Today’s post from the 30 Days with Surface Pro series is dedicated to getting it set up in my office, connected to an external monitor. For those of you who are just joining the party, and haven’t been following the 30 Days experiment, I am giving up my MacBook Air and my iPad for the month, and using just a Surface Pro as both my desktop PC, and my tablet. That means, when I am sitting in my office at my desk, I want the Surface Pro to look, feel, and act like any other Windows 8 PC. I have it connected to a mouse, printer, USB hub for external storage, and to my 23-inch monitor.

The idea is that the Surface Pro isn’t just a tablet, like its Surface RT sibling. It runs on an Intel Core i5 processor with 4GB of RAM, and it runs the full 64-bit Windows 8 Pro operating system. If I set it under my desk and connected all of my peripherals to it, there’s theoretically no reason anyone should know whether its a desktop tower, a notebook PC, or a Surface Pro. It’s just a Windows PC.

I ran into a couple issues getting the Surface Pro connected to the monitor. One was just a personal pet peeve easily fixed by changing some settings. The other was a little more challenging, and required poking around a bit to figure out what was wrong and how to fix it. I’m all set now, though.

Just for clarification, I’m not actually taking an entire 24-hour day to get the Surface Pro out of the box, or log in to Windows 8, or figure out how to navigate around the OS. I have work to do, and I am relying on the Surface Pro as my sole PC this month, so I actually got through those phases in a few hours so I could get down to business. But, I am making notes as I go along, and sharing the highlights on a day-by-day basis so you can live vicariously through my Surface Pro journey.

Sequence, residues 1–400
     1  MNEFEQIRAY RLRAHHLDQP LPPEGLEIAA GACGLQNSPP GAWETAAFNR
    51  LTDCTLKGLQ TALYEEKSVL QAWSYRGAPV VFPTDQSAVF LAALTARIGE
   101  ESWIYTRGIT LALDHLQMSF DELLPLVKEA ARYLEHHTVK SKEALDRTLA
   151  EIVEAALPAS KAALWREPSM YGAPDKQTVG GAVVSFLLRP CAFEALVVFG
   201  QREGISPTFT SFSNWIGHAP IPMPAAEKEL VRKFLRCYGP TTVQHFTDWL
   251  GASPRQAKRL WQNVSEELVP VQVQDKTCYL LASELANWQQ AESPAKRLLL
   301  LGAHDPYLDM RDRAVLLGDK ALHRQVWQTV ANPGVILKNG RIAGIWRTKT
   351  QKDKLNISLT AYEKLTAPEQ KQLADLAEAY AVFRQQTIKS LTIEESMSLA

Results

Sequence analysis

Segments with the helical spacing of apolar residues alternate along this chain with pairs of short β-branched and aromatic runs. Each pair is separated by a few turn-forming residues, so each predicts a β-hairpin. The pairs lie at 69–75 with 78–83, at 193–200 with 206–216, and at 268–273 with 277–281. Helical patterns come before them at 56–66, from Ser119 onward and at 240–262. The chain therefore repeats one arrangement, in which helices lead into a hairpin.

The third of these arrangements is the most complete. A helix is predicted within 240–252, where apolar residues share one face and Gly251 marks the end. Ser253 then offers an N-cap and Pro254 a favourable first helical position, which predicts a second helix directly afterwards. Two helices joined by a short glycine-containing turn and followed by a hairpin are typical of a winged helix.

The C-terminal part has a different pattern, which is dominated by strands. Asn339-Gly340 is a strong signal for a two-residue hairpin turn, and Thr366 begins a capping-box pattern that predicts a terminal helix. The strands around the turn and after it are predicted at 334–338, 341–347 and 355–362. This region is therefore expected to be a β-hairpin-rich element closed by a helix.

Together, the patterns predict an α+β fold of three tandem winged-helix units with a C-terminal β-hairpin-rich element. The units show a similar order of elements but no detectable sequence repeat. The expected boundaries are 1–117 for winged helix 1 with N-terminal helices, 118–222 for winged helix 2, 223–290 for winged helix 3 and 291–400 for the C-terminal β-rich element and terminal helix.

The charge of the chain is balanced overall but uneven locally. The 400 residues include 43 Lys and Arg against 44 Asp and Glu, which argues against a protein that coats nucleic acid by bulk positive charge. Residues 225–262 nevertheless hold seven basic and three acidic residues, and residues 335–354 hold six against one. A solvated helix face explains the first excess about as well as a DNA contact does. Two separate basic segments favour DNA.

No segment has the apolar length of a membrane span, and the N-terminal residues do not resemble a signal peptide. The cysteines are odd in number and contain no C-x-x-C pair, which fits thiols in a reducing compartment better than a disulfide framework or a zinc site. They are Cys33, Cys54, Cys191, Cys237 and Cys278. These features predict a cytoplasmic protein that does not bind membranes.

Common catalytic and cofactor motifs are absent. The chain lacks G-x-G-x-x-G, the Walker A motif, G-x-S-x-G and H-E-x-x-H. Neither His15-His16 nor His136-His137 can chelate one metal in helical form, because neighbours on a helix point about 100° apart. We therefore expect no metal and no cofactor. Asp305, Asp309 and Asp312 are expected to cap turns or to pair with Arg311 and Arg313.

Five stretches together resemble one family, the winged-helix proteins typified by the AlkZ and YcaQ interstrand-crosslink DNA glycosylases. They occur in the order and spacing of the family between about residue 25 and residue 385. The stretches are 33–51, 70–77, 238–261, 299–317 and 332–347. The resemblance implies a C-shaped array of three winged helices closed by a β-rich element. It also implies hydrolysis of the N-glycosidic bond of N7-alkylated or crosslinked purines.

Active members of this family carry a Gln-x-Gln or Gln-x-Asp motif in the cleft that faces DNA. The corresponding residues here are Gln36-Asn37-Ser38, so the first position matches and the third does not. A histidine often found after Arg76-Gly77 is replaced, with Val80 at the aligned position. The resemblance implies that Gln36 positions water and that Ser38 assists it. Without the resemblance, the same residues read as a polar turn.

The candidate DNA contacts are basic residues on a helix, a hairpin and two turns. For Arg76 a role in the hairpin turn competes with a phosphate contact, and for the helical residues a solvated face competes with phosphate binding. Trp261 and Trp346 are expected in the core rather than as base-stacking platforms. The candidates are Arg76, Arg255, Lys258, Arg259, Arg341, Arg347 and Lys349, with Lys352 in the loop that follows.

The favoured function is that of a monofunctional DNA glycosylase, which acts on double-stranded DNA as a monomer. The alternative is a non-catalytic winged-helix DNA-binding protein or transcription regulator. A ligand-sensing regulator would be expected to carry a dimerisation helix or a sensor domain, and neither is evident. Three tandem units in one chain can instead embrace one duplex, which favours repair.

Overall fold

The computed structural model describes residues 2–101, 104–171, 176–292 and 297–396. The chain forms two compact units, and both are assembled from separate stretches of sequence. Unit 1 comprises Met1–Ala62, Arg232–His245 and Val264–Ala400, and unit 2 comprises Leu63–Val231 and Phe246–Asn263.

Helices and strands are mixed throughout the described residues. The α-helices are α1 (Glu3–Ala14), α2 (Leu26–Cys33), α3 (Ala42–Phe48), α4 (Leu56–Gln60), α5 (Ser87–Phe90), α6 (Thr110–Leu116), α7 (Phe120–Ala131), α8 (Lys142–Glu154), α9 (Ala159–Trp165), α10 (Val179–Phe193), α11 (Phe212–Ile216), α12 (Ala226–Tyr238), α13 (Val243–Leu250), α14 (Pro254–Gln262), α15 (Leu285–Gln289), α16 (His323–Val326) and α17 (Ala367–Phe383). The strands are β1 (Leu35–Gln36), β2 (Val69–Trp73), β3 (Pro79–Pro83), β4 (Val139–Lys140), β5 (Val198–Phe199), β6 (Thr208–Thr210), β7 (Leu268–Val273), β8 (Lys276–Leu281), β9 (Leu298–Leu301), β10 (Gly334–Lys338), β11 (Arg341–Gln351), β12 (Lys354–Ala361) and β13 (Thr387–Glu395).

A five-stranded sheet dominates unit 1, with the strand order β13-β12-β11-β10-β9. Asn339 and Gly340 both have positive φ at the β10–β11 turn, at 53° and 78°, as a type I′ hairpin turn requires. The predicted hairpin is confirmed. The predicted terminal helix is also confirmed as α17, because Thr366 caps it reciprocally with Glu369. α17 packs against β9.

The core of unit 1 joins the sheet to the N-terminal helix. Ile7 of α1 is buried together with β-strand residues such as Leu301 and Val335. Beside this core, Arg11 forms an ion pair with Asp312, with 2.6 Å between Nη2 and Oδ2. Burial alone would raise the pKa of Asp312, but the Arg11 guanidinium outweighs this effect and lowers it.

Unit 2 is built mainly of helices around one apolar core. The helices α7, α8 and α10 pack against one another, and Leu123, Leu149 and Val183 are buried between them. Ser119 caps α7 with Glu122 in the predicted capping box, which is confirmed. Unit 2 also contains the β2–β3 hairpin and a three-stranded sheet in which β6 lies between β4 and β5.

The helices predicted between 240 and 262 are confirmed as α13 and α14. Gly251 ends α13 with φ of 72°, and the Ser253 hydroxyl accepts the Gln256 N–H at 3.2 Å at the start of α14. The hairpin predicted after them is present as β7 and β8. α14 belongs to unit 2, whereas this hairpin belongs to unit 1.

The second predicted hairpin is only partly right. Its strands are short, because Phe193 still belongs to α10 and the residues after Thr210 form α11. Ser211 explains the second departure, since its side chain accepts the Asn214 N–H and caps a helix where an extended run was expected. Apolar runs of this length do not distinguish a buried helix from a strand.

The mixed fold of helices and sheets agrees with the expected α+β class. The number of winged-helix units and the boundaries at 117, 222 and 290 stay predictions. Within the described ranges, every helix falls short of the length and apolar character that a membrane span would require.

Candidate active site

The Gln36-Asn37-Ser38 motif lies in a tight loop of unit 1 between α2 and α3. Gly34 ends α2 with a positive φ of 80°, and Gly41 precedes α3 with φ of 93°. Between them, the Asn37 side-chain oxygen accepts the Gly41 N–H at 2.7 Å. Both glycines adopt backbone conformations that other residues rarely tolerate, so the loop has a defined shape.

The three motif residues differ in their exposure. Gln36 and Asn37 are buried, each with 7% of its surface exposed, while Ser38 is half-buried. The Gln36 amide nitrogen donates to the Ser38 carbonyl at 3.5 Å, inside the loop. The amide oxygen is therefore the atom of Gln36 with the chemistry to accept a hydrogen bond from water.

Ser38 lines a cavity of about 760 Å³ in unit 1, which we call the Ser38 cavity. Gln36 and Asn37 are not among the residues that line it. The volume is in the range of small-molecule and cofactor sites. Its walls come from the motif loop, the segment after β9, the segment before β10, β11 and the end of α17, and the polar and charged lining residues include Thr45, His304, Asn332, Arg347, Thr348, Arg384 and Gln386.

Read more about the challenges I had connecting the Surface Pro with an external monitor in Surface Pro, Day 5: Tweaking the display.

About the Author

I’m a Houston-based independent analyst, marketing consultant and writer. I follow news and trends across all facets of technology, and help people understand how the changing tech landscape affects them. I work with businesses to identify market opportunities and develop effective content marketing strategies to take advantage of them. I’ve worked in the trenches as an information security consultant, an IT manager and a marketing executive. That real world experience gives me a unique point of view that lets me see things from the business perspective. I’ve been a CISSP for 13 years, and I’ve been recognized by Microsoft as an MVP for 8 consecutive years. When I’m not working with technology, I’m a husband and father who loves mountains, oceans, football and golf. You can contact me directly at [email protected] For more from me, you can follow me on Twitter, subscribe to me on Facebook or add me to your Circles on Google+.

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  • Sam

    The whole selling point of Windows is the “TOUCH” screen. Why are you testing it using a mouse?

  • Tony Bradley

    Touch is a major feature of Windows 8, and especially for a Windows 8 device like the Surface Pro…when you’re using it as a tablet. However, if you’re using it as a desktop–connected to a monitor, external keyboard, printer, etc–using the touch gestures on the display of the tablet itself is awkward.

    It works perfectly well with a mouse. Alternatively, I’d suggest using a device like the Logitech t650 touchpad which allows you to use the touch and swipe gestures while sitting at your desk.

  • Sam

    Your point is well taken, and i know what your trying to do with your experiment, but I think the tablet operates differently when used just as a tablet. I found mine froze from time to time and couldn’t swipe side to side, trying to swipe on the corner to change the tile was very hard to do, took several tries. When your finished with your trial, try it just as a tablet to see if it works the same way with touch only.